We have no reason to doubt God's word because we cannot understand the mysteries of His providence. In the natural world we are constantly surrounded with wonders beyond our comprehension. Should we then be surprised to find in the spiritual world also mysteries that we cannot fathom? The difficulty lies solely in the weakness and narrowness of the human mind.  {Ed 170.1}
There is nothing in the natural world that has life but what grows and produces fruit. And in the spiritual world there is no life without growth in grace. Spiritual impulse is not growth. Impulse is feeling, and to depend on feeling is to be as changeful as circumstances. The professed Christian who does not draw life from Christ's life is not a doer of the word. He is a paralyzed member, only connected in name with the body. At times fitful, convulsive movements will be seen, with no permanent activity. Let no one think that the grace of Christ inspires these shortlived, impulsive actions.  {RH, February 7, 1957 par. 24}
 
The Author of this spiritual life is unseen, and the precise method by which it is imparted and sustained is beyond the power of human philosophy to explain. It is the mystery of godliness. Yet the operations of the Spirit are always in harmony with the written word. As in the natural, so in the spiritual world. Human life is preserved, moment by moment, by divine power; yet it is not sustained by a direct miracle, but through the use of blessings placed within our reach. So the life of the Christian is sustained by the use of those means which Providence has supplied. He must eat of the bread of life, and drink of the waters of salvation. He must watch, he must pray, he must work, in all things giving heed to the instructions of the word of God, if he would "grow up to the full measure of the stature of a man in Christ Jesus."  {3SP 418.3}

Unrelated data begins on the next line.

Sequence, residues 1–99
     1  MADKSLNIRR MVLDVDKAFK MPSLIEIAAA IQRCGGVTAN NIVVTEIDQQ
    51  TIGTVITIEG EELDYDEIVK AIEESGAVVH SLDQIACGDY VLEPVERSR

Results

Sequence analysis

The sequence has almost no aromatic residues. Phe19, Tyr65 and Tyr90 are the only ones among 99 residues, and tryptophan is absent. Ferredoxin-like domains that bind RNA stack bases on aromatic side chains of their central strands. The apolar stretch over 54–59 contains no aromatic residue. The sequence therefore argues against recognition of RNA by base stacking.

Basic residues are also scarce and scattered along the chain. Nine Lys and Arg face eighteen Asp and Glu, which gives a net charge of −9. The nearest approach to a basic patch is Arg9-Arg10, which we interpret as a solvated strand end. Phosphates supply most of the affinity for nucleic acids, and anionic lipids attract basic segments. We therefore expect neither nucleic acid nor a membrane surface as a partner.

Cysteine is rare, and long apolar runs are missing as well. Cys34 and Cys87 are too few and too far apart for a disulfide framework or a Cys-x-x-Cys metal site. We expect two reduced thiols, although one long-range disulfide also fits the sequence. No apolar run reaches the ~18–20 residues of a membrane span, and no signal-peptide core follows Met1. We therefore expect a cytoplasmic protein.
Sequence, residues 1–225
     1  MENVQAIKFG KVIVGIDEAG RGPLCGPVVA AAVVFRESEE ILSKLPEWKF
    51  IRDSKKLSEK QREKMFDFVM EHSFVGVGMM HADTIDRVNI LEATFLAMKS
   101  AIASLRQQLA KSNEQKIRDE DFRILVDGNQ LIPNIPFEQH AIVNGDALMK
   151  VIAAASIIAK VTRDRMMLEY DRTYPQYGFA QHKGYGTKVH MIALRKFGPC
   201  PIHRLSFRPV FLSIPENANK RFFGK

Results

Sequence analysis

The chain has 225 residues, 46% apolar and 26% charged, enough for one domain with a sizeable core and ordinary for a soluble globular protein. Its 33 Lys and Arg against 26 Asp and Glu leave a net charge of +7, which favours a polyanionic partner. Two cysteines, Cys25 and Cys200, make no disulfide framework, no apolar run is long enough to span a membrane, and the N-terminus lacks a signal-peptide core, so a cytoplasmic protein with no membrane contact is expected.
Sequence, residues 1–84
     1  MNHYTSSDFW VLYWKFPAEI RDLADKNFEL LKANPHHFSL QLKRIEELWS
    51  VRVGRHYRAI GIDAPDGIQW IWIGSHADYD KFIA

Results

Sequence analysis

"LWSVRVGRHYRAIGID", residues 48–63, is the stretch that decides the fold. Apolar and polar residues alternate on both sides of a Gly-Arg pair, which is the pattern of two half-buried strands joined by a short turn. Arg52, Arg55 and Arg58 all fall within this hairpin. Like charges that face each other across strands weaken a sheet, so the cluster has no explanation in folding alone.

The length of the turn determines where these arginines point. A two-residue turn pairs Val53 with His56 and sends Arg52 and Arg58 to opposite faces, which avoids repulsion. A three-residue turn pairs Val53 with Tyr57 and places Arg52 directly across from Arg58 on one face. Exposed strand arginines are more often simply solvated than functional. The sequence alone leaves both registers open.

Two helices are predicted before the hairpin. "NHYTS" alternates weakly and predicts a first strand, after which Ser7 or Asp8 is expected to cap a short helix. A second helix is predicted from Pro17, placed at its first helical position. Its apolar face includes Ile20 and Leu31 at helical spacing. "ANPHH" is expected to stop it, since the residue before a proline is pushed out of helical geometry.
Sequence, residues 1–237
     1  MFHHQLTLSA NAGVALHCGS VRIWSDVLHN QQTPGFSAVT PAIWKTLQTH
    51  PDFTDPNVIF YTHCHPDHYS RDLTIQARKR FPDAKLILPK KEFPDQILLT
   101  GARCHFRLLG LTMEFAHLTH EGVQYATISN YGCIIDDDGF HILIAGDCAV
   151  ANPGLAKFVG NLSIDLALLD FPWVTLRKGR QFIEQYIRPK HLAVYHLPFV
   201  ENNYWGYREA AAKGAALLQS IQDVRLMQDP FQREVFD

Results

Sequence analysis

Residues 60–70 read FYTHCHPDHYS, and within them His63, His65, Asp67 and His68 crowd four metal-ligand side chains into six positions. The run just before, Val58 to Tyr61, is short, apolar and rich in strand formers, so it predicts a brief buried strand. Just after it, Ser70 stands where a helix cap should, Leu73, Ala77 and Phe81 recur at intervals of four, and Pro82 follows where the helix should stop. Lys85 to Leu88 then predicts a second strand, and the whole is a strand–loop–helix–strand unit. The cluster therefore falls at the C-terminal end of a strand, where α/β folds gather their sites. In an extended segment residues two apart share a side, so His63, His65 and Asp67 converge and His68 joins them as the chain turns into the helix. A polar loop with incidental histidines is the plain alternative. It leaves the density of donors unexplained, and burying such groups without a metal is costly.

Inhabitants  of  the  Spiritual  World

If you live by faith in Christ, your will will be controlled by the will of God; you will have Christ abiding in the soul. Your happiness does not consist in that which you possess, nor in that which you are in yourself, or can be; it consists in the oneness of your will with the will of God. The happiness and glory of the inhabitants of the spiritual world is perfect because the will of God is their will, their supreme delight.  {1888 246.1}